San Blas was left behind with a great sense that a circle had been completed in my soul. I was happy that I had visited the town again, and I was feeling very good about the people and the community. A small fishing village with a huge amount of history, both personal and international.
It looked like the Pacific was building up for another storm, so it was good to be moving inland.
The ride from San Blas to the Tepic/Guadalarja hiway is twisty and very limited in terms of getting off the road to take pictures. The lack of a shoulder prevented me from stopping and taking a pic of the big snake on the road. I have been sweeper for the two ToughMiles.com riders, so they are seeing the neat stuff, like taruantulas and the like. By the time I blow by, the spiders are either crushed or blown off the road.
Most of the dead animals have been dogs, although I have seen a few bloated cows and a couple of pussy cats that did not make it to the other side. Bikers are not the only creatures who should not be on the road at night.
We had a bit of difficulty clearing Guadalajara, and circled the city a bit. It has one massive skyscraper in the middle, and that is the only way this directionally challenged guy could tell we were going the wrong way. Eventually we cleared Guadalaraja and headed easterly. Our goal was to get close to the pyramid of the Sun, while avoiding the toll roads. The toll roads in Mexico are very well laid out, do not go through villages and peublos, but can get very expensive, even for motos. it was a long day, with a couple of stops, but overall we travelled close to 700 kilometers in an easterly direction.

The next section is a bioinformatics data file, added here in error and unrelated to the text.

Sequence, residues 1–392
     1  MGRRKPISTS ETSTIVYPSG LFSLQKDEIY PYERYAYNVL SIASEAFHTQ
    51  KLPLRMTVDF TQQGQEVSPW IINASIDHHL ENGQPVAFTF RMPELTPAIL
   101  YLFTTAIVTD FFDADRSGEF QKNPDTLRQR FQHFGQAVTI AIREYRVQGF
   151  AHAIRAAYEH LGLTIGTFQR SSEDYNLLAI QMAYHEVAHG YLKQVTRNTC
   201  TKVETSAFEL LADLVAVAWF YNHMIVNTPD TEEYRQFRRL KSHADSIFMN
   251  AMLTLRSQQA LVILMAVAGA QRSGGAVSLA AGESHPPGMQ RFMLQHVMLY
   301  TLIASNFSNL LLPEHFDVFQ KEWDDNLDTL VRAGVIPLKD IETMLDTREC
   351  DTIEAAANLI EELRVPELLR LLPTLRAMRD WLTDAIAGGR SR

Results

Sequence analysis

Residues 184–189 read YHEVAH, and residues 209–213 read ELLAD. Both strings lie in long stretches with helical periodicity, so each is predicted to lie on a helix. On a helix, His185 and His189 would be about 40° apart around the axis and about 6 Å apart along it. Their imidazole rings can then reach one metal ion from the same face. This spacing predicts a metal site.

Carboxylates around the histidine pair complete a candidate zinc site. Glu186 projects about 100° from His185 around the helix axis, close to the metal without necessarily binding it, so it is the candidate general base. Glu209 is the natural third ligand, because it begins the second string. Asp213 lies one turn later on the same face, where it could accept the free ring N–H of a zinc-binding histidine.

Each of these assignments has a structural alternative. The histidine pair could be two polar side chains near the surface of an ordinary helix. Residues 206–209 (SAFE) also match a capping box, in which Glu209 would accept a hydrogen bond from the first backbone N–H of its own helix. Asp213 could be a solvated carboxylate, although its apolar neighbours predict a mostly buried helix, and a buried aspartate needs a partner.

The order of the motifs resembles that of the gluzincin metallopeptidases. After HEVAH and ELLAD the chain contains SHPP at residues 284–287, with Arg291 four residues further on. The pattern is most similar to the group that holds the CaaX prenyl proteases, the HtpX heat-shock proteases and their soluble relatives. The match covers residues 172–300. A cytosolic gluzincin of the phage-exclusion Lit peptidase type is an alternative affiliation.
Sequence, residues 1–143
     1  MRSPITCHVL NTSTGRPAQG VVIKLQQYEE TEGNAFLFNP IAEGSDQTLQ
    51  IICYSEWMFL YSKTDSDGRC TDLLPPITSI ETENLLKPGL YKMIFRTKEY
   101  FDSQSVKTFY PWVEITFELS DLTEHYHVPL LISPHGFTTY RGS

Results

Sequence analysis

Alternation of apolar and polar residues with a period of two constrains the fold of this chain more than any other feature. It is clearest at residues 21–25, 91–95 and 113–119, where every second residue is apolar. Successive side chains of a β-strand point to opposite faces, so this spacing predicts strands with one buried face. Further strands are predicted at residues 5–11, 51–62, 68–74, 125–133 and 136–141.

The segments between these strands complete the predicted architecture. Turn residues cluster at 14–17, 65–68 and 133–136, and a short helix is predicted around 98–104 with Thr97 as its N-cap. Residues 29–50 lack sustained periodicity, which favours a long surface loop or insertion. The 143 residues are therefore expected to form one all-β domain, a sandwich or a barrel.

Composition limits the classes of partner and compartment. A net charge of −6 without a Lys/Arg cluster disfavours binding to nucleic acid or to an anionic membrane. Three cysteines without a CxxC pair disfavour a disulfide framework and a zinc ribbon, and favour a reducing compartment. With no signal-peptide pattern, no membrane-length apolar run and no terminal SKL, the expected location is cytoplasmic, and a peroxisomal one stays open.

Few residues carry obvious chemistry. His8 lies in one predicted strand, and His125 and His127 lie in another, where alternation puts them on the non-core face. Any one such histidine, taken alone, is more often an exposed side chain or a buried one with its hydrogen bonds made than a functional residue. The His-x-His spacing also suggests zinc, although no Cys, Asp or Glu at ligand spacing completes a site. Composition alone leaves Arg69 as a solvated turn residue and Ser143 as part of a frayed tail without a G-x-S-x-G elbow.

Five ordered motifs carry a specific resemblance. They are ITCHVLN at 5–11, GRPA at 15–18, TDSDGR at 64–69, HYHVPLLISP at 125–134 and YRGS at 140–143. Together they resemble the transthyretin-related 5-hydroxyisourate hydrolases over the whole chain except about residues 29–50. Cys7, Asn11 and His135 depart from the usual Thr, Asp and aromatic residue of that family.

The next day, the goal was the pyramid of the Sun, Teotihuacan, which is just north of Mexico City. The closer one gets to Mexico city, the more roads and bypasses there are. We were trying to avoid toll roads, and consequently went in a few circles during the day. I say another F800GS, and I suspect it was local to this area. I was too busy trying to figure out the turnpikes, as I had become separated from the other two riders.
Beautiful colours in the morning light
An example of the tunnels underneath Gaureoto
We took the day to relax, to tour the Temple of the Sun, and to marvel and the huge size of the structures.
I have to admit, there was some puffing and huffing to climb this huge monster.
Like a meathead, I forgot my hat on my bike. This picture gives you and idea of the slope and size of the main pyramid. It is truly huge in size.
This is a shot from the western edge of the site. At one point, pre Aztec and pre Toltec, there were 175,000 people living here, with the main purpose to keep the Gods happy.
The pyramid dominates the whole valley and it is truly a world-class site.
As in any attreaction, there were a lot of vendors. The obsidian artifacts were incredibly well-done, and I managed to get away with purchasing an eagle whistle and not a whole load of stuff.
A good day, and a very interesting visit to Teotihuacan....